Graphic Novelist Panel
Celebrated graphic novelists, Lynda Barry, Ivan Brunetti, and Chris Ware will discuss their most recent works. Barry's The Freddie Stories traces a year in the life of Freddie, the youngest member of the dysfunctional Mullen family. With consummate skill, Lynda Barry writes about the cruelty of children at this most vulnerable age when the friends they make and the paths they choose can forever change their lives. Ivan Brunetti's eye-popping illustrated autobiography, Aesthetics: A Memoir, traces his artistic trajectory and output, from youthful doodles to his latest cover illustrations and comic strips. Aesthetics unearths a trove of previously unpublished materials, including working drawings, sketches for cartoons, book covers, personal photographs, and items from the artist’s collection of toys and handmade objects. With the increasing electronic incorporeality of existence, sometimes it’s reassuring—perhaps even necessary—to have something to hold on to. Chris Ware's Building Stories is just that thing. Whether you’re feeling alone by yourself or alone with someone else, this book is sure to sympathize with the crushing sense of life wasted, opportunities missed and creative dreams dashed which afflict the middle- and upper-class literary public (and which can return to them in somewhat damaged form during REM sleep).
Born 1956 on Hiway 14 in Richland Center, Wisconsin, daughter of an Irish/ Norwegian/ meat-cutter and an Irish/Filipina immigrant employed as a hospital housekeeper, Lynda Barry attended The Evergreen State College (Olympia, Washington) during its early experimental period (1974-78). She studied under painter and writing teacher Marilyn Frasca for two years, trying to answer this one question: What is an Image? This question has guided Barry’s work ever since. In a career spanning nearly 35 years, Barry has authored 17 books, worked as a commentator for NPR, had a regular monthly feature in Esquire, Mother Jones Magazine, Mademoiselle, and on Salon.com. Barry is also a sought-after visiting artist and speaker. She teaches a popular writing workshop called “Writing the Unthinkable” all around the country and is known for her lively teaching style and strong dedication to her students.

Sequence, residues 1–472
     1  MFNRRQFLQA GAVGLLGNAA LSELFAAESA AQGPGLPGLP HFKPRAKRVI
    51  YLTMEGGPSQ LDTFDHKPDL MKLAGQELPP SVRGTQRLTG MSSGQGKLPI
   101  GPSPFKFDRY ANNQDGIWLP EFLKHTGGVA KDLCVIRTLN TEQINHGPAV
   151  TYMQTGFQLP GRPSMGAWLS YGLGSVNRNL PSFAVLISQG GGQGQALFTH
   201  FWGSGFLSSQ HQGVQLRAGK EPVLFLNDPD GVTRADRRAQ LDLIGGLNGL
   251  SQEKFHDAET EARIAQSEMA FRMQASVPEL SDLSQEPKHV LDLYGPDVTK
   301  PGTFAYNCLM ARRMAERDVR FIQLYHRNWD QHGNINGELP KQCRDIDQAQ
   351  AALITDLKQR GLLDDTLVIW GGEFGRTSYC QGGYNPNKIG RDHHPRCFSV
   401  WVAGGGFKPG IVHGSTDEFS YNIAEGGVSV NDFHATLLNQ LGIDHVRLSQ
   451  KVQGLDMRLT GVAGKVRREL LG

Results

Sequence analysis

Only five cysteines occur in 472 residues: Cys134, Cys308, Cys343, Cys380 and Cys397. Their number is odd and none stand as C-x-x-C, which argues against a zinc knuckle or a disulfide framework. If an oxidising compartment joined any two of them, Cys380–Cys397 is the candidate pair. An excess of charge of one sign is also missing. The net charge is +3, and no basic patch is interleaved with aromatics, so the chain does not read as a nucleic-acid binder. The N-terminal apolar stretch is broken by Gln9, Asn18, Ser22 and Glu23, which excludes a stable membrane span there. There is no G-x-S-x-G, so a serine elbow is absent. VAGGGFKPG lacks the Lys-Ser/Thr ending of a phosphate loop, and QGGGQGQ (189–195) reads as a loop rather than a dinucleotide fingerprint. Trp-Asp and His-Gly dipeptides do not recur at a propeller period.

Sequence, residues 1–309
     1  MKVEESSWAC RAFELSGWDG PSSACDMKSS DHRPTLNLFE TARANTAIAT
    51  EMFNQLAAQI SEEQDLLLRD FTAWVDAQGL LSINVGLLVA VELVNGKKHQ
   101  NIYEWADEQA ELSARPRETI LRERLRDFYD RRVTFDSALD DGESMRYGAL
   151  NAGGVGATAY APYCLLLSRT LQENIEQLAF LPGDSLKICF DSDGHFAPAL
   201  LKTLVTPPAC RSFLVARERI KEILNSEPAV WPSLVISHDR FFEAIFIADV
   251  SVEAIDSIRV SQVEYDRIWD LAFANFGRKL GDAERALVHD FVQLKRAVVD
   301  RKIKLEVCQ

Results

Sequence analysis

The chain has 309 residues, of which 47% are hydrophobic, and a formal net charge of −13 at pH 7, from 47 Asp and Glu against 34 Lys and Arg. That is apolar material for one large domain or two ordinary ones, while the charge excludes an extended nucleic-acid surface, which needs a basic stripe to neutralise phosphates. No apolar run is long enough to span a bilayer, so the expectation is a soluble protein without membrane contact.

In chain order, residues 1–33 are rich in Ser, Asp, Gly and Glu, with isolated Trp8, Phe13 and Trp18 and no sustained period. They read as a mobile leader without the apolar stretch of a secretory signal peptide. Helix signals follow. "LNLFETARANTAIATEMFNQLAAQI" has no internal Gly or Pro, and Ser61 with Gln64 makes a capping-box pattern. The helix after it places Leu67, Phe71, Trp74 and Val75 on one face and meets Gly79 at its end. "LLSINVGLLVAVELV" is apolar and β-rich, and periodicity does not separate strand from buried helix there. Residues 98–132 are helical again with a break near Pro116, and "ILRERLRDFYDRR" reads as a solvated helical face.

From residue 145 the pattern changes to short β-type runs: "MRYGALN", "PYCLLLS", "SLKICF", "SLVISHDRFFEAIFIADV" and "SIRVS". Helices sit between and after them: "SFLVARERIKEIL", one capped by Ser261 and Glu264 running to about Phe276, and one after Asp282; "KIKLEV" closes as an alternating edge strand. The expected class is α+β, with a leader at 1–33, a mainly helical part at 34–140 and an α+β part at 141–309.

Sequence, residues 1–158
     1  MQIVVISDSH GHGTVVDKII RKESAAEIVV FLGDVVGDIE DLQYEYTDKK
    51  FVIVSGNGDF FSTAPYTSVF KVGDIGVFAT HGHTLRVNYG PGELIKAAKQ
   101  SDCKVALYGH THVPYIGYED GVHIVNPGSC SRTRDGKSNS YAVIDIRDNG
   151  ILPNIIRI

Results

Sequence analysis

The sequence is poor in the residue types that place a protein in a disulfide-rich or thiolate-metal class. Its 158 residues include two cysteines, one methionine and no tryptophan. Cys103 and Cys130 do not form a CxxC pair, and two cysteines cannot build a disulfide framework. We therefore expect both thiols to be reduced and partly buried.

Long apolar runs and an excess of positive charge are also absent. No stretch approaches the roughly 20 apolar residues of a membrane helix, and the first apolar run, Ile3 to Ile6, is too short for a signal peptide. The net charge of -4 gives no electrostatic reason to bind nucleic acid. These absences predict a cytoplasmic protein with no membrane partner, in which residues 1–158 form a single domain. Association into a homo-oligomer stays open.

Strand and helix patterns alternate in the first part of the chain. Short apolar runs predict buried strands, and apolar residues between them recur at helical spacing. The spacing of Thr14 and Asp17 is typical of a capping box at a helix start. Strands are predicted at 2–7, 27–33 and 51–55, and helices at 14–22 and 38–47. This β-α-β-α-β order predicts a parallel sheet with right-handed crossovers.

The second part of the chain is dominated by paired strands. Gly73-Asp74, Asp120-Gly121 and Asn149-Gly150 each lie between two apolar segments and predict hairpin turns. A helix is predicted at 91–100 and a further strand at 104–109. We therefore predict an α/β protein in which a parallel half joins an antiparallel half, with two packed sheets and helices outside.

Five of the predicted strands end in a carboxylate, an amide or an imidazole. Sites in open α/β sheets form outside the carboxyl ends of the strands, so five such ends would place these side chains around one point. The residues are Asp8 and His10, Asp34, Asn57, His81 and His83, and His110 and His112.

Born to working-class parents in a small town in Italy, and reared in Chicago, Ivan Brunetti (b. 1967) was drawn to cartoons and comic strips from an early age. Finding inspiration in Spider-Man and Peanuts, he began crafting his own stories and gradually developed a unique style that he applied to imaginative, sometimes shocking subjects. The dark humor of his graphic novels earned him a cult following, yet his illustrations have had broad appeal. Now recognized as an award-winning cartoonist and illustrator, Brunetti has published his work in the New Yorker, the New York Times Magazine, and McSweeney’s, among others.
CHRIS WARE is the author of Jimmy Corrigan: The Smartest Kid on Earth and the annual progenitor of the amateur periodical the ACME Novelty Library. An irregular contributor to The New Yorker and The Virginia Quarterly Review, Ware was the first cartoonist chosen to regularly serialize an ongoing story in The New York Times Magazine, in 2005-2006. He edited the thirteenth issue of McSweeney's Quarterly Concern in 2004 as well as Houghton Mifflin's Best American Comics for 2007, and his work was the focus of an exhibit at the Museum of Contemporary Art in Chicago in 2006. Ware lives in Oak Park, Illinois, with his wife, Marnie, a high-school science teacher, and their daughter, Clara.